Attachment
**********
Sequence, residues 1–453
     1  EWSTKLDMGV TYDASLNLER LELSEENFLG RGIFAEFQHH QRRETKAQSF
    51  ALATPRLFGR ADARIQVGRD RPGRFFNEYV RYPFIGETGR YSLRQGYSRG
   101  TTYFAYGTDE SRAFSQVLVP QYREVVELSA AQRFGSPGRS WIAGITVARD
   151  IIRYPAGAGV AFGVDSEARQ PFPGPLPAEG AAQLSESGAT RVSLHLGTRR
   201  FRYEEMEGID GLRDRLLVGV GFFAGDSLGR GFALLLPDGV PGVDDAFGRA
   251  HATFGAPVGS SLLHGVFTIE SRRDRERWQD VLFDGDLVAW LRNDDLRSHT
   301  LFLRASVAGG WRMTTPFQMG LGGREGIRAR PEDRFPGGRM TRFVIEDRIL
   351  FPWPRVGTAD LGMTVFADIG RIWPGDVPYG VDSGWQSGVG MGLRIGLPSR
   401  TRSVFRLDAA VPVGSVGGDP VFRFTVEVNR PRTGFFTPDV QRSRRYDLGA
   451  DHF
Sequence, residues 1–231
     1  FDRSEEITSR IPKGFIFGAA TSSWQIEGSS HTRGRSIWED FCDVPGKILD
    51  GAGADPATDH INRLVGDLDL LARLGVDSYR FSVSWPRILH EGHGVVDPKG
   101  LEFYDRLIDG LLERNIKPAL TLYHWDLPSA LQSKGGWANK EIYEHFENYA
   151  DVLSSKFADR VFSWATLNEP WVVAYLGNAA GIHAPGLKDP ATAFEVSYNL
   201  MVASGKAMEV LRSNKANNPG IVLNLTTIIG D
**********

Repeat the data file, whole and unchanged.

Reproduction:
Sequence, residues 1–453
     1  EWSTKLDMGV TYDASLNLER LELSEENFLG RGIFAEFQHH QRRETKAQSF
    51  ALATPRLFGR ADARIQVGRD RPGRFFNEYV RYPFIGETGR YSLRQGYSRG
   101  TTYFAYGTDE SRAFSQVLVP QYREVVELSA AQRFGSPGRS WIAGITVARD
   151  IIRYPAGAGV AFGVDSEARQ PFPGPLPAEG AAQLSESGAT RVSLHLGTRR
   201  FRYEEMEGID GLRDRLLVGV GFFAGDSLGR GFALLLPDGV PGVDDAFGRA
   251  HATFGAPVGS SLLHGVFTIE SRRDRERWQD VLFDGDLVAW LRNDDLRSHT
   301  LFLRASVAGG WRMTTPFQMG LGGREGIRAR PEDRFPGGRM TRFVIEDRIL
   351  FPWPRVGTAD LGMTVFADIG RIWPGDVPYG VDSGWQSGVG MGLRIGLPSR
   401  TRSVFRLDAA VPVGSVGGDP VFRFTVEVNR PRTGFFTPDV QRSRRYDLGA
   451  DHF
Sequence, residues 1–231
     1  FDRSEEITSR IPKGFIFGAA TSSWQIEGSS HTRGRSIWED FCDVPGKILD
    51  GAGADPATDH INRLVGDLDL LARLGVDSYR FSVSWPRILH EGHGVVDPKG
   101  LEFYDRLIDG LLERNIKPAL TLYHWDLPSA LQSKGGWANK EIYEHFENYA
   151  DVLSSKFADR VFSWATLNEP WVVAYLGNAA GIHAPGLKDP ATAFEVSYNL
   201  MVASGKAMEV LRSNKANNPG IVLNLTTIIG D